Le sparkstötting: a traditional Swedish sled
We opted for a « spark » ride on the icy Bothnian Sea. When the footstep wobbles and the wheel skids on the slippery white mantle, the « spark » is the ideal way to get around. Consisting of a small wooden chair, a free space to stand at the back, and two long, flexible metal runners, the « spark » allows you to glide smoothly over snow and even ice. All you have to do is push off with your foot and slide along on this exciting half sled, half scooter. The first person sits comfortably on the seat. Two handles are attached to the backrest to act as handlebars, allowing the second person to stand and push the sled.
Now it’s time for the pleasures of skating. You feel the ice beneath your feet. Squealing slightly, the skates obey gently but firmly every time you apply pressure. You glide and glide and glide on the pearlescent ice while the wind whistles in your ears… Sensations guaranteed ! Did you know that in 1926, sparkstötting became a discipline of the Nordic Games, held seven times between 1901 and 1926? The first « sparkstötting club » was founded in 1888, and the first competition took place in 1889.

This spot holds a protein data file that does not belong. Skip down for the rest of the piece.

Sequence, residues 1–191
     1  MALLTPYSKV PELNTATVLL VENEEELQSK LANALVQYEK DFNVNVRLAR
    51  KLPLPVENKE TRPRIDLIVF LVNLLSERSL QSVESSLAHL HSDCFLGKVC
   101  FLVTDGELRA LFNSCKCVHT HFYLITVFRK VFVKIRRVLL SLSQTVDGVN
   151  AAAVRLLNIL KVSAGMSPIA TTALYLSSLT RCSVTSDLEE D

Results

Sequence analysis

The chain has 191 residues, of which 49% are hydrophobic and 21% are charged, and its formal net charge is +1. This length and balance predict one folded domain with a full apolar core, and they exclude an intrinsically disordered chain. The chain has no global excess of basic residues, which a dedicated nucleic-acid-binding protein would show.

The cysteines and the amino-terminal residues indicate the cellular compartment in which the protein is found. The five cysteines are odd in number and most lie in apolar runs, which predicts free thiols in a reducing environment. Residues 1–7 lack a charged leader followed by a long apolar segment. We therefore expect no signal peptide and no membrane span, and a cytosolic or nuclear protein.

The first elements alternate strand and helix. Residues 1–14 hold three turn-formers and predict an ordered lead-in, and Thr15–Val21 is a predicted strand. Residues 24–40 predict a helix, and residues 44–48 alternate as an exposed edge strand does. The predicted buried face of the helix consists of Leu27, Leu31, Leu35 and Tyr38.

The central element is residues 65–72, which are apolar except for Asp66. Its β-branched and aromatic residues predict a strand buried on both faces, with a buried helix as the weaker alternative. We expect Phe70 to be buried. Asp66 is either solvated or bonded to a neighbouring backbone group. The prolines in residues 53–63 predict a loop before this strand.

The art of Nordic or cross-country skating
Of course, we don’t glide as fast on our « spark » as the skaters who overtake us on this natural mirror! Nordic skating is sometimes called touring skating because the distances are generally long. It is practiced with long-bladed skates: in Swedish, « långfärdsskridskor » or long-distance skates. « Långfärdsskridskoåkning » (no, that’s not my cat chewing on the keyboard) is the unpronounceable word for Nordic skating. Depending on experience and stamina, some ice-skating tours take skaters from 15 to 125 miles a day. In other words, you must be physically healthy to enjoy cross-country skating in the heart of Swedish nature. Skating on natural ice is a must, but safety is vital. A few tricks can improve your chances of survival if the ice breaks up, such as an ice pick, a skating stick to test the thickness of the ice, and rescue rope and extra dry clothes in a waterproof bag. Lycka till ! (Good luck).
If skating isn’t your cup of tea, you can enjoy the spectacle of the Sea-Ice marathon on the isbana… It is a challenge for marathoners to skate over a course ranging from 3 to 26 miles…
« It never goes out of my memory
On one leg until evening